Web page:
Schiff Hardin law firm. Photo by Diego M. Radzinschi/THE NATIONAL LAW JOURNAL Schiff Hardin law firm. Photo by Diego M. Radzinschi/THE NATIONAL LAW JOURNAL

The U.S. Court of Appeals for the Fifth Circuit has shut down an Irish insurance company’s attempt to sue Schiff Hardin for negligent misrepresentation after determining the law firm could not be liable to a nonclient under the attorney immunity defense doctrine.

The case, Ironshore Europe DAC v. Schiff Hardin, focused on allegations that the Chicago-based law firm failed to tell the plaintiff insurer Ironshore about a $3.25 million settlement offer. Instead the company was hit by a $34 million jury verdict.

Schiff Hardin was representing Dorel Juvenile Group, a company that held an excess insurance policy issued by Ironshore. Dorel, which makes car seats, was sued for products liability by the parents of a child injured in a car accident involving one of its products, according to the decision.

Schiff Hardin regularly communicated with Ironshore while representing Dorel. Specifically, Ironshore was concerned it would be required to pay out on the policy if the case resulted in an award or settlement in excess of $6 million, the court said.

Ironshore claimed Schiff Hardin misled it into believing it was unlikely the case would result in any exposure, and that a settlement offer within policy limits was unwarranted.

After Ironshore filed its negligent misrepresentation claim, Schiff Hardin asked U.S. District Judge Rodney Gilstrap of Marshall to dismiss the case under the Texas attorney immunity doctrine, which generally shields lawyers from civil liability to nonclients for actions taken in connection with representing a client.

Gilstrap noted in his decision that Texas law has long recognized that an attorney may be liable for negligent misrepresentation where a third party, even a nonclient, justifiably relies on the attorney’s misrepresentations, under Section 552 of the Restatement of Torts.

“Accordingly, the court concludes that as it stands under current Texas law, the doctrine of attorney immunity does not foreclose a Section 552 negligent misrepresentation claim,” Gilstrap wrote in his decision partially denying the law firm’s motion to dismiss.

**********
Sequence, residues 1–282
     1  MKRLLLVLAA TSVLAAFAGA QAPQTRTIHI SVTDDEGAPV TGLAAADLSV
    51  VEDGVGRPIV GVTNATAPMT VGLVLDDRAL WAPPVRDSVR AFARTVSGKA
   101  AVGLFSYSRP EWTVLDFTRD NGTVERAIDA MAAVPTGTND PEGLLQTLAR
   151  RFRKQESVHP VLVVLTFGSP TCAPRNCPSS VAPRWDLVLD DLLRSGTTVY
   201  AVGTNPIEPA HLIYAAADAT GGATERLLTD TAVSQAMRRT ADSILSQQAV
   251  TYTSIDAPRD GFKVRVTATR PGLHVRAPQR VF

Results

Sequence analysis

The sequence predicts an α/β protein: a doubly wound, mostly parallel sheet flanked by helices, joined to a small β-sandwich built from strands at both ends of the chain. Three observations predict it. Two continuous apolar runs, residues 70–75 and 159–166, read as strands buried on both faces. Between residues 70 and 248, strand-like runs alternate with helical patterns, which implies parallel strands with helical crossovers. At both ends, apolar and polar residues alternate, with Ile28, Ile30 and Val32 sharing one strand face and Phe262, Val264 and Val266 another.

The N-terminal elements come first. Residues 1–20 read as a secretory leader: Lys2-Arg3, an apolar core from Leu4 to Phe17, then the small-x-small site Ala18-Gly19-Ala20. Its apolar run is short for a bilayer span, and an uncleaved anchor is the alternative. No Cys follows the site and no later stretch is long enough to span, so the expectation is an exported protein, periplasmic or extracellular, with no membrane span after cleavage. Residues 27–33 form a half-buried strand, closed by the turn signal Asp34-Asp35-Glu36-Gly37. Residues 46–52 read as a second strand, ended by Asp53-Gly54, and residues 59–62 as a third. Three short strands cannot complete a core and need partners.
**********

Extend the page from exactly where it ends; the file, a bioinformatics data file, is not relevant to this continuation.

Schiff Hardin appealed the ruling to the Fifth Circuit, arguing it was entitled to full attorney immunity against Ironshore’s negligent misrepresentation claim.

In its decision, the Fifth Circuit concluded that Schiff Hardin’s conduct at issue in the case fell squarely within the scope of the firm’s representation of its client Dorel. The court also ruled that it was not bound to accept Ironhorse’s argument that the alleged misrepresentations were somehow separate from the law firm’s representation of Dorel.

“Schiff Hardin’s first duty was to its client, Dorel, and it was up to Ironshore to retain its own counsel if it was dissatisfied with the comprehensiveness of the information it was receiving from its insured’s attorneys,” wrote Judge W. Eugene Davis.

“Therefore, we find that the requirements for attorney immunity are met, Schiff Hardin’s Rule 12(b)(6) motion to dismiss should be granted, and the plaintiff’s complaint should be dismissed,” Davis wrote in a decision reversing the trial court’s decision and rendering judgment dismissing Ironshore’s complaint.

George Kryder, a partner in the Dallas office of Vinson & Elkins who represents Schiff Hardin, did not return a call for comment.

Sawnie McEntire, a partner in Dallas’ Parsons McEntire McCleary who represents Ironshore, also did not return a call for comment.